By John Truby
Every writer who dreams of working professionally in the worldwide entertainment business should be interested in writing for television. Why? The best writing in America is done on TV. Writers control the medium, so your talent is more likely to be recognized and rewarded. And with the proliferation of cable channels, and now the Internet (Netflix), creating scripted shows, television is where the jobs are.
To master story as it is practiced in television, and have the best chance of breaking into this medium, you have to study the top TV dramas and tease out the story problems that writers of these shows solve day in and day out. Ability to solve story problems quickly, and with originality, is the single most important quality of a professional television writer.
In this era when the serial drama is king, what a showrunner is looking for in hiring a staff writer is: can this person not only break the story of an individual episode, but also help sequence the stories of all the episodes to build an incredible dramatic season? Let’s take a look at some of this year’s Emmy nominees for Best Drama.
Mad Men has been the best-written show on television since its debut (with four Emmy wins for Best Drama in the last five years). Mad Men is an epic historical drama, with multiple characters and story lines, all focused around an emblematic main character, ad man Don Draper. The central story challenge for the writers turns on the desire line of the show, or lack thereof. The reason the vast majority of shows in the history of television involve cops, lawyers and doctors is that these characters all have a clean, quantifiable desire line – solve the crime, win the case, save the patient. But Mad Men is set in a business. So what’s the desire for the episode, or, for that matter, the season? The goals in the ad business are ever-changing, and all the major characters have their own personal, often hidden, agendas.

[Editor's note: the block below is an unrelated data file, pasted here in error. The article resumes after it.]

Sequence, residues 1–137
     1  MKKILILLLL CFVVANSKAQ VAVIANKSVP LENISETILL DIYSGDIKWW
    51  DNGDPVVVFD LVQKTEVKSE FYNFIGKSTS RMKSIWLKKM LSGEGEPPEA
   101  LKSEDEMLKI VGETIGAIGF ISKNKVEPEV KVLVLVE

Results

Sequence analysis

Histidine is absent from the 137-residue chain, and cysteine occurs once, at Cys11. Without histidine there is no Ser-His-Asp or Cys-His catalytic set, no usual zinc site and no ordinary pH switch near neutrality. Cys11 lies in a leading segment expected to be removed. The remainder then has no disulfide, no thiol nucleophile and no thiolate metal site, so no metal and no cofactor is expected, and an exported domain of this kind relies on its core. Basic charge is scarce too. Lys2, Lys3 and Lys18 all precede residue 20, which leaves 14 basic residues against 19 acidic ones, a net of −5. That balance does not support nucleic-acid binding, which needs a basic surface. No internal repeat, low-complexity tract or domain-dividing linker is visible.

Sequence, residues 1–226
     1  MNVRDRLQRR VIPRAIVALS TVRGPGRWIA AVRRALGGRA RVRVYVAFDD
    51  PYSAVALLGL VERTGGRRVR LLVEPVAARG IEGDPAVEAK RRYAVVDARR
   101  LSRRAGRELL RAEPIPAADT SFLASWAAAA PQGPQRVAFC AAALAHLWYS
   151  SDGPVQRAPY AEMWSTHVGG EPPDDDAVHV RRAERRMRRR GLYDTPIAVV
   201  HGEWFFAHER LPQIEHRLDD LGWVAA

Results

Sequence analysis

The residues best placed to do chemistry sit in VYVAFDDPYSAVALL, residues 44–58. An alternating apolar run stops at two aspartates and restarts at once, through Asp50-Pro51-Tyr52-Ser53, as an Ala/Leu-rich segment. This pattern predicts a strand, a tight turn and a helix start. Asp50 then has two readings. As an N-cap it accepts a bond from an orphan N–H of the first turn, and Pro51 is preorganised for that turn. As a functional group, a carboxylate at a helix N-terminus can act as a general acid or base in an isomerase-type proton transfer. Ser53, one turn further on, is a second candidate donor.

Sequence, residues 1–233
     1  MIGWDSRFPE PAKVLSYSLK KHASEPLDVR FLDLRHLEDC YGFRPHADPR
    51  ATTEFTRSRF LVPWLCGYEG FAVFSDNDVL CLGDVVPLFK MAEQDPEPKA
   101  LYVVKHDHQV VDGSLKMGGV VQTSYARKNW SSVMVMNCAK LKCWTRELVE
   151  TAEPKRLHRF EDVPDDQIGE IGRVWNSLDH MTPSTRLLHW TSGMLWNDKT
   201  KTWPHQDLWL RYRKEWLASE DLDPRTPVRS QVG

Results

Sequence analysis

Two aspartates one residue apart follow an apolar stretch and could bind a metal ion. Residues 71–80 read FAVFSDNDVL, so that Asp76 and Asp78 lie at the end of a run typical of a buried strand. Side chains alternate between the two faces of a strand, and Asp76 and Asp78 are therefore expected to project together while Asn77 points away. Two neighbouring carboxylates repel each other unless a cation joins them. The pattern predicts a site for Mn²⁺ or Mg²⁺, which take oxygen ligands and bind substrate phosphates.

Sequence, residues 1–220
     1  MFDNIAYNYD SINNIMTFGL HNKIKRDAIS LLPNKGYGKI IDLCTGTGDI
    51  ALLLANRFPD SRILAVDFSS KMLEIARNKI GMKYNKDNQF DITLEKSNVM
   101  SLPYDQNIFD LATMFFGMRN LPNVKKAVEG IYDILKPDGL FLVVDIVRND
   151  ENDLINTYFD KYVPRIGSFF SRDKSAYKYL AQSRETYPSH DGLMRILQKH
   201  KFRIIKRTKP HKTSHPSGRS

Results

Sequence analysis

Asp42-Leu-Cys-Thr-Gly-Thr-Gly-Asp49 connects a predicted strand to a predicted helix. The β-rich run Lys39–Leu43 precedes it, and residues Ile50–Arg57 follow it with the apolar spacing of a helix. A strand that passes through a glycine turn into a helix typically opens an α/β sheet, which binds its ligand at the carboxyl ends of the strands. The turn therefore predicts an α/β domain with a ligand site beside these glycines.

Without a unifying desire line, the show’s creator, Matthew Weiner, has created a totally new TV story structure, one based on contrasting American ideals and reality. Don and his fellow Mad Men (and they are almost all men) are in the business of creating and selling the American Dream. But when they go home to their suburban families, we see an actual life not filled with freedom and promise but defined by limits and lies.
The story challenge for the writers of Mad Men is, first, to set recognizable frames for each season, based not a clean desire line but on how each of the major characters moves between slavery and freedom in modern America. Within each episode, the trick is to come up with a story sequence that highlights the contrast between the Dream these characters sell and the harsh reality in which they live.
The new kid on the block in this year’s Emmy race is House of Cards. The medium is television, but the distribution system is the Internet. This new marriage of TV and the Internet puts an even greater value on writers who have mastered the skills of story necessary to entertain audiences on tablets and cell phones where the Internet travels.
House of Cards centers on the Democratic majority whip in the US House of Representatives. That much inside politics automatically gives you a rarified audience, so the writers first have to figure out how to universalize the story. A second story challenge comes from the genre, which is a unique hybrid form known as political crime. This form is rare now, because it is the story of the rise and fall of kings.
Although House of Cards, like all serials, has a large web of characters, it has the distinct advantage of a single main character, Frank Underwood, whose clear goal – to take revenge and become President – defines each episode and the overall season. Unlike the goals of cop, lawyer or doctor shows, the fact that this show’s desire is about gaining power means that House of Cards is really a modern, democratic Game of Thrones.